by Nadine Brands
Genre: YA Historical Fantasy
Publisher: Harper Collins
Book Release Date: May 7, 2019
My Review: ⭐⭐⭐⭐
Hope never abandoned us- only we could abandon it.
Romanov, Nadine Brandes, page 182
When I saw a new retelling on the Romanov family and Anastasia Romanov, I knew I had to read this. The fact that there was a fantasy element to it – even better! I received an ARC from the publisher, and this is my honest and voluntary review.
What I loved about this book was how much true history went into it. I have always been fascinated with the true Romanov story, probably above an average level, and I could tell this author did her homework. The story is told from the perspective of Anastasia “Nastya” Romanov, who begins the novel at age 16 and turns 17 during the course of the story. She’s sort of the mischievous shvibzik of the family, not rebellious but definitely one who pushes her boundaries and knows how to be sly when she needs to be. She was a very relatable character who earned my interest and sympathy right away. She struggled with a lot of things, understandably so, but went to a lot of effort, often at great risk, to help her family. The biggest struggle for her, I felt, was working within her limitations because she wanted to do more and much of what she thought she needed to do was far beyond her control or ability, and I thought the author captured these feelings well. I felt them right alongside her.
Yurovsky was a character I genuinely hated (and I was supposed to). He did horrible, unspeakable things with absolutely no remorse or sense of humanity whatsoever, and I felt that this big theme of humility and forgiveness that Papa preached and emulated to their family that Nastya tried very hard to understand and practice, would have been very hard for me.
Zash, the Bolshevik soldier who first came into the picture in Tobolsk and then on to guard the family at Ipatiev House, started out as a hard, solid, defensive and dutiful soldier that you think you’re going to hate until you don’t. His character was interesting and different, and I would’ve liked to know more about his history and what his life was like before he came to be a Bolshevik soldier. He plays his part, and in some cases way too well… you’ll know what I mean if you read the book… but it’s hard not to love this guy, and it was fun to watch the way he came to play a part in Nastya’s story and her fictional life.
There’s a point about halfway through the book where an inspector comes in and finds something happening that sets events into motion, and that is where the story starts getting to where you cannot put it down. There’s a sense of urgency and unrest, an anxious need to keep reading to find out what happens next, and there are times of dread and times of relief, and the story is very deep and heartbreaking because you’re thinking in the back of your mind that a lot of this is historically factual. Let that sink in as you’re reading this book.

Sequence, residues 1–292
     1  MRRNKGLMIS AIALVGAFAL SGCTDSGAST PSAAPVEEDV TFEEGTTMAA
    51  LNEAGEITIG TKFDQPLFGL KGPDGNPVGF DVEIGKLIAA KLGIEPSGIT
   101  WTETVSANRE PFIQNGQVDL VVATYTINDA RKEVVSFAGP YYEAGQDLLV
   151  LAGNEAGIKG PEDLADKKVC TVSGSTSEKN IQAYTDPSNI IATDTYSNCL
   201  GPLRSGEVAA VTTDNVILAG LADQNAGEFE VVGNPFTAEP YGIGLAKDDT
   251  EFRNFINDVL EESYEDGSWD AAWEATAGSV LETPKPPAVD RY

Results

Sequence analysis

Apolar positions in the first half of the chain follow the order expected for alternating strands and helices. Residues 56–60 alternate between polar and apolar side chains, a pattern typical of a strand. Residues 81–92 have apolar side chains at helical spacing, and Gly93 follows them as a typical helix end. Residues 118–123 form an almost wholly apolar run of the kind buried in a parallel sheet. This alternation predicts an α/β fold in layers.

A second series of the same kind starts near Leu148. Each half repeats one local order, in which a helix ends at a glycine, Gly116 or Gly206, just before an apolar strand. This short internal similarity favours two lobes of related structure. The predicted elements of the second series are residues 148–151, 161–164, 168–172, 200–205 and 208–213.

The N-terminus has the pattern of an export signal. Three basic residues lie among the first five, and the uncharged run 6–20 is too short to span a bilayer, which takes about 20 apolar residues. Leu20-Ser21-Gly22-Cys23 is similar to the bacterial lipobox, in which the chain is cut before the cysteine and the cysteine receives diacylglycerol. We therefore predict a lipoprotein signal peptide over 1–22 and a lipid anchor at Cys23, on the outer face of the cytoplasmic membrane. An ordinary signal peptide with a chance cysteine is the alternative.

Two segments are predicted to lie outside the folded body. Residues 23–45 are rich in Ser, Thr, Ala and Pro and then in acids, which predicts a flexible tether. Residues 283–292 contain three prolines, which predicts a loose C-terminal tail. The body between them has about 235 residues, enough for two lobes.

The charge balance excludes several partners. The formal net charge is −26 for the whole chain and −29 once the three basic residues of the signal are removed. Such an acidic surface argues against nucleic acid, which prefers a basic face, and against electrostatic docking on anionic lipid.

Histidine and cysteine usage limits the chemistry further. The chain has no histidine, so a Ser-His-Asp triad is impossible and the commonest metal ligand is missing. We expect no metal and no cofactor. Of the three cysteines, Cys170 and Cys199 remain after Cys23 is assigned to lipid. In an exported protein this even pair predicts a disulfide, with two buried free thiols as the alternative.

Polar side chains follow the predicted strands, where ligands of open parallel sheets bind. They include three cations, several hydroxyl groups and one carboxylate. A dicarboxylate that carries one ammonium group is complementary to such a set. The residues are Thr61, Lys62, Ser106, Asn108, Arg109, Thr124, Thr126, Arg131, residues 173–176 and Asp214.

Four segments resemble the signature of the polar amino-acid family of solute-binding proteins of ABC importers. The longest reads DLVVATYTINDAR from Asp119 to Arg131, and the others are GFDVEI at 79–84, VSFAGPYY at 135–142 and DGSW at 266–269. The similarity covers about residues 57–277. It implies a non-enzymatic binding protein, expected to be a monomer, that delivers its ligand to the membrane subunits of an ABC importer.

The four reasons I can’t give this book 5 stars are:
1. The first maybe half of this 335-page book was a little on the slow side as far as pacing went. Not boring – it held my attention, and there wasn’t a point where I wanted to put the book down, but just not a whole lot was happening up until about the halfway point. That is when it really started rolling. (But when it did, it really got good!)
2. We got a lot about Nastya (Anastasia), and a fair amount of Alexei, a little less of Maria. The other two siblings, Tatiana and Olga, were just kind of mentioned here and there with not much else. Was this because of their age differences? They didn’t play as big of a role in Nastya’s life? And while we got to know a little about Papa and just a tiny scene where Mamma revealed a secret to Nastya, Mamma was otherwise nonexistent in the story. I felt like some of these characters could have been fleshed out a little more than they were. In some cases, it was like they were just kind of there with no emotional connection or purpose.
3. I hate to say it, but I didn’t really feel like the Romanov family’s time spent in exile at the Ipatiev House was made to seem all that bad. Maybe it got a little boring, but who hasn’t spent time in their childhood bored out of their mind stuck in a house somewhere when they wanted to be anywhere else? Was that really just me???
4. The magic, I felt, was very low key, almost to the point of magical realism in this story, up until toward the end. There was “healing magic” throughout that I would almost equate to the topical use of essential oils and the power of self-fulfilling prophecy. It wasn’t until the end when Dochkin and the use of the Matryoshka doll and its hidden powers really came into play that magic really became prominent in the story. I guess I would like to have seen the fantasy aspects be a little more central to the overall story.
That being said, I really enjoyed this book overall. I read it all in one day, except for the very last chapter that I woke up and read the following morning. I loved this fictional take on a factual story in history, and I can’t wait to hear what other people’s thoughts are on it.